In the wake of the Google ad scandal (if it could be called that), Facebook’s implementing a new safeguard against spam. AI-automated processes to identify links to spammy sites or ads in posts.

Here’s an explanation from Facebook’s newsroom:

We hear from our community that they’re disappointed when they click on a link that leads to a web page containing little substantive content and that is covered in disruptive, shocking or malicious ads. People expect their experience after clicking on a post to be straightforward.

There are numerous signals that can get your link posts flagged, and when a post is flagged for linking to a spammy site, its reach significantly drops. If a website’s links are flagged multiple times, they can get blacklisted.

This was just announced Wednesday, and automation will be rolling out the next few months.

Here’s what brands and retailers should be on the lookout for.

How Does the AI Automation Work?

Facebook was starting to run low on newsfeed space for ads back in 2016–so it’s only natural that they’re starting to tighten up restrictions on this part of their platform.

The whole purpose of AI automation is to make the newsfeed show high-quality ads that are relevant to users–aka not spam. Facebook’s AI accomplishes this in two ways:

  • Dropping the reach of posts that contain links to sites with “spammy” links or ads
  • Blocking spammy ads from being approved


In addition to the AI, Facebook will rely on input from users (from surveys) to update and sharpen their AI algo. They’ll likely also continue to use the data they receive from users marking a post as spam.

This update will apply to the following:

  • Facebook (paid and organic posts)
  • Instagram (paid posts)

Note: It does not apply to organic posts on Instagram, according to Marketing Land.

What Makes a Site Spammy?

In order to avoid being penalized, it’s important to go back to square one and assess all of your ads (as well as your website) to ensure it doesn’t violate any of Facebook’s terms.

Here’s what Facebook expects both from your ads on their platform and from your own website.

Facebook’s Sitelink No-Nos

  • A disproportionate volume of ads relative to content. This includes advertisements, and not legal obligations such as cookie policies or logins to private content, such as paywalls.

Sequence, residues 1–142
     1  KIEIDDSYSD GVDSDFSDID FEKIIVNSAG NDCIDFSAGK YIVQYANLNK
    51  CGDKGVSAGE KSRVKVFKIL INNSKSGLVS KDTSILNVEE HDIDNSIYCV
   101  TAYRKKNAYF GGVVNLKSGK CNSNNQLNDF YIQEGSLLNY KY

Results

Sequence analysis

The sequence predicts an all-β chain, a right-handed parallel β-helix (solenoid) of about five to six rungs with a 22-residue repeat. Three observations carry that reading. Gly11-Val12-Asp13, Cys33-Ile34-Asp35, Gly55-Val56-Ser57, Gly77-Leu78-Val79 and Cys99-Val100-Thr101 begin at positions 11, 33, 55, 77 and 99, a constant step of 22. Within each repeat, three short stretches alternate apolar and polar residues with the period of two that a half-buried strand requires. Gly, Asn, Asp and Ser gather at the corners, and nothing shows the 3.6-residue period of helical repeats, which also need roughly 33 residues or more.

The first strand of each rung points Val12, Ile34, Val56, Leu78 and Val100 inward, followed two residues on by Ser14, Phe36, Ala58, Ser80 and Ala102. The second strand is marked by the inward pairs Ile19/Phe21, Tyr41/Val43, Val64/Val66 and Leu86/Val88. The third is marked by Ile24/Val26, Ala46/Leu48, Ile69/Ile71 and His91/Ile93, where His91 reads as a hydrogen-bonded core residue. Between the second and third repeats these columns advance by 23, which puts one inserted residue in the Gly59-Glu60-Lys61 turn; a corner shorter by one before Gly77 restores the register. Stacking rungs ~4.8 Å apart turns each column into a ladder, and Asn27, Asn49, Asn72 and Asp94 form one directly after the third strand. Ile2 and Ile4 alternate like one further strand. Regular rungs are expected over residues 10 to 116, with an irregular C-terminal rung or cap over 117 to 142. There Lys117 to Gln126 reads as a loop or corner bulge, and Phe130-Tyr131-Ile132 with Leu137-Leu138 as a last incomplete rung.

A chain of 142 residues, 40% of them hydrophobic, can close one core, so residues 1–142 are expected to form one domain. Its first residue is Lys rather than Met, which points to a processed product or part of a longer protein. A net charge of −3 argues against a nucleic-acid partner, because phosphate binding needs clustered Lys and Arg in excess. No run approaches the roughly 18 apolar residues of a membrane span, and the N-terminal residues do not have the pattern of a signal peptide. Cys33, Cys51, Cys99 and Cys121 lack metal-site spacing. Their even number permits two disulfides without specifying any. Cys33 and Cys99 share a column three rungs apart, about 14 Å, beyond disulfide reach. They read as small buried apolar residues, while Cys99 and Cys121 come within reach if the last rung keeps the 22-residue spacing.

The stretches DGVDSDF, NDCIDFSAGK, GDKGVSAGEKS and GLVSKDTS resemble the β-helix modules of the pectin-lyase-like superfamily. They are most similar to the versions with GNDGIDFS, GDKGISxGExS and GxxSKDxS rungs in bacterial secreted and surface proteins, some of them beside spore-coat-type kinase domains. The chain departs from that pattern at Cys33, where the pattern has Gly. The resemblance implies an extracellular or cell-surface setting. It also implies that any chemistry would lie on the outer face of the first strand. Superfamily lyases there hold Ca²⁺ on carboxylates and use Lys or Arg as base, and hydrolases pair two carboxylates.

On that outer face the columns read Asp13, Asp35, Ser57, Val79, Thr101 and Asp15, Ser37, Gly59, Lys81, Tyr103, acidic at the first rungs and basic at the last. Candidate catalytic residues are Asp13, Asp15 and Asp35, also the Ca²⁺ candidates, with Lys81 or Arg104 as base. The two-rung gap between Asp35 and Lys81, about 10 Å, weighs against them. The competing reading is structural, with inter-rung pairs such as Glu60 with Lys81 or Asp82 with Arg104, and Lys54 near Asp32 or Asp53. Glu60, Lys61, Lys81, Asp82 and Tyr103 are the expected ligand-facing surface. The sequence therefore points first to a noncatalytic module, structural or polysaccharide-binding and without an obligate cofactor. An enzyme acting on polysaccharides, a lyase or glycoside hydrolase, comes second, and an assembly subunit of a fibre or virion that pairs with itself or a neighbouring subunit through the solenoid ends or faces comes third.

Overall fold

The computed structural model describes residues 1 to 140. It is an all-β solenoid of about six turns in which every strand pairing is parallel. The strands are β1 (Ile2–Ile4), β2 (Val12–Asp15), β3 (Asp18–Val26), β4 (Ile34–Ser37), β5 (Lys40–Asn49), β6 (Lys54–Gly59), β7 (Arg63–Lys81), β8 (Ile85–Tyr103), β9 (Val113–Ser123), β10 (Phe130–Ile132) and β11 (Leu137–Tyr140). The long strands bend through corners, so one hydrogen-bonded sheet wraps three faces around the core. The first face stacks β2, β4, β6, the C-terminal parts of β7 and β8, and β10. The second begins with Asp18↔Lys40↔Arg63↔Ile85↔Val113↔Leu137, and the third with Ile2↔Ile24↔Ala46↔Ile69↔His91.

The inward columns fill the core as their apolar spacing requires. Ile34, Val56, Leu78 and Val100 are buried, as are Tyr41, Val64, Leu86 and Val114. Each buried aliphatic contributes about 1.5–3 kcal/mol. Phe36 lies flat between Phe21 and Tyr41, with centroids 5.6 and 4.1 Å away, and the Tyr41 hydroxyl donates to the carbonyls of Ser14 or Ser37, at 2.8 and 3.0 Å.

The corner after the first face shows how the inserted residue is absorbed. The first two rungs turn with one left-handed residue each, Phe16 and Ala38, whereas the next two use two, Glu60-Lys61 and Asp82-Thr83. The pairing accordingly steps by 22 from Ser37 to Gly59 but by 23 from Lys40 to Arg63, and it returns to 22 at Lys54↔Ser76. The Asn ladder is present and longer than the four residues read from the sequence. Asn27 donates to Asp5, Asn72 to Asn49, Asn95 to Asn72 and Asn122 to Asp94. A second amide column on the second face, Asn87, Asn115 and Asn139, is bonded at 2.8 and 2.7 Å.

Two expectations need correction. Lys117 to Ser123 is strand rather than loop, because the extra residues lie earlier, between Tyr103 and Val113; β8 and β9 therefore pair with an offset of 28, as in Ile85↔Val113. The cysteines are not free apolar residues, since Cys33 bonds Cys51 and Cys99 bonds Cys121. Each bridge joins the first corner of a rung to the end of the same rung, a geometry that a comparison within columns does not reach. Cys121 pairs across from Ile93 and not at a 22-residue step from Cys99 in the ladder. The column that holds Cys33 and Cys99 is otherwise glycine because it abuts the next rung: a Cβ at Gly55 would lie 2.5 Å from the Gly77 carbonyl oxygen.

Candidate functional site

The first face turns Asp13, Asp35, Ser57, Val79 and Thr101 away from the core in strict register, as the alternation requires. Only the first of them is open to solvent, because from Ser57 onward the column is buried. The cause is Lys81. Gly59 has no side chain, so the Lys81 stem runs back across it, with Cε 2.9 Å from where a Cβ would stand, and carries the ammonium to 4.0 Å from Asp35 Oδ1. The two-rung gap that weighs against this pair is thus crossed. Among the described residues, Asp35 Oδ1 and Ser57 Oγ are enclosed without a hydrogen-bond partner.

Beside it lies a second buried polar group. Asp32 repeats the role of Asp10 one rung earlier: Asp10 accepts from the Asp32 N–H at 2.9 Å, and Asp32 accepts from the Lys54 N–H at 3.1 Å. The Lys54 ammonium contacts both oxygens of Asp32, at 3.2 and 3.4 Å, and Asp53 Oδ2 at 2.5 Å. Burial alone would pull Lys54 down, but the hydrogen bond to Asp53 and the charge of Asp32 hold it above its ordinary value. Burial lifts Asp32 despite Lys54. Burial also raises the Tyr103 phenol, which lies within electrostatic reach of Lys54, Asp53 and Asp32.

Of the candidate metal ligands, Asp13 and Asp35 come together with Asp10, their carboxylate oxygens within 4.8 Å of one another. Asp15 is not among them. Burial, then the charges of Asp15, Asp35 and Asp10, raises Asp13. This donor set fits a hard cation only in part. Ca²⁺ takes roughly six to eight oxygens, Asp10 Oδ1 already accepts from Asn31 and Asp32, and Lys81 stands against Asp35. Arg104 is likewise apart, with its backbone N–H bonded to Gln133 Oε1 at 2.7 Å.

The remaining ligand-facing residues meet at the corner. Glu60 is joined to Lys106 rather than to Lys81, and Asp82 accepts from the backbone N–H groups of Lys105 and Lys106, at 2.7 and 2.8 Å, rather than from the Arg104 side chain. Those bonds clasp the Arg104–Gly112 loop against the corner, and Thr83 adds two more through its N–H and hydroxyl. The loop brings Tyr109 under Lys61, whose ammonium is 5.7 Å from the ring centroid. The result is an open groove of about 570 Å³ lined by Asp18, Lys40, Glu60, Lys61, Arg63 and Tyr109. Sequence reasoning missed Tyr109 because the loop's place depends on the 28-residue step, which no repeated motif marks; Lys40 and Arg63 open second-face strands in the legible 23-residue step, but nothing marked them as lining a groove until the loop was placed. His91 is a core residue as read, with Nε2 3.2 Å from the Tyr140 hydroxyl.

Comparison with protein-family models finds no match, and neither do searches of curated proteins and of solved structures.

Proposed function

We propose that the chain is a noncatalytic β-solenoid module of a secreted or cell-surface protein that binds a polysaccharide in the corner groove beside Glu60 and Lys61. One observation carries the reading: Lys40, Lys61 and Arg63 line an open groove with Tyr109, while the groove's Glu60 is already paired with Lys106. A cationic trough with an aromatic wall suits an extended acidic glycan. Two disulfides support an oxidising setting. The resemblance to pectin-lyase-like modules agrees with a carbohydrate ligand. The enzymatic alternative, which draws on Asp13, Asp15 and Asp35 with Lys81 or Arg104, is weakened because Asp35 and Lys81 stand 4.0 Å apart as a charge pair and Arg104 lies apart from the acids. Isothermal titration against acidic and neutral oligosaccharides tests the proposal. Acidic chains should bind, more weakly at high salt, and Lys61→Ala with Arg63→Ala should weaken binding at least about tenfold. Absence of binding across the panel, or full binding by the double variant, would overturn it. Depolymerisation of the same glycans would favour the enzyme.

• Featuring sexually suggestive or shocking content. See relevant policies for Sensational Content and Adult Content.
  • Pages that contain malicious or deceptive ads which include Prohibited Content as defined in our policies.
  • Use of pop-up ads or interstitial ads, which disrupt the user experience.


Facebook’s Ad Content No-Nos

  • Use [of] ad images that are excessively cropped or require people to click the ad to view the full image
  • Include deceptive ad copy that incentivizes people to click on your ad
  • Feature sexually suggestive or shocking content on your landing page
  • Display malicious or deceptive ads on your landing page
  • Have a high ratio of ads relative to content on your landing page
  • Use popup ads, interstitial ads or other ad formats that disrupt the user experience on your landing page




Here are two ways Facebook suggests you avoid this penalty:

  • Link to landing pages that include significant and original content that is relevant to your ad
  • Minimize text that blocks or prevents people from viewing the original text on you landing page

Where Will Most Retailers and Brands Get Hit?

There are two onsite factors that could result in retailers and brands getting penalized:

Too many pop ups (aka interstitials), too little content, and ads that link to irrelevant pages.

“Irrelevant pages could potentially cause other issues because although you aren’t intentionally spamming shoppers, you will frustrate them if you don’t send them to the page you promised,” points out Casey Edwards, Social Marketing Manager at CPC Strategy. “Your reputation and sales could take a hit.”

Facebook likely won’t penalize a retailer or brand just for having thin content on a page, they’re more likely to penalize them if they have thin content and another problem–like too many pop ups.

Google has already started penalizing sites that employ interruptive pop-ups on mobile. Considering most Facebook users access the platform on their phone, it’s important to rethink your entire onsite pop-up strategy.

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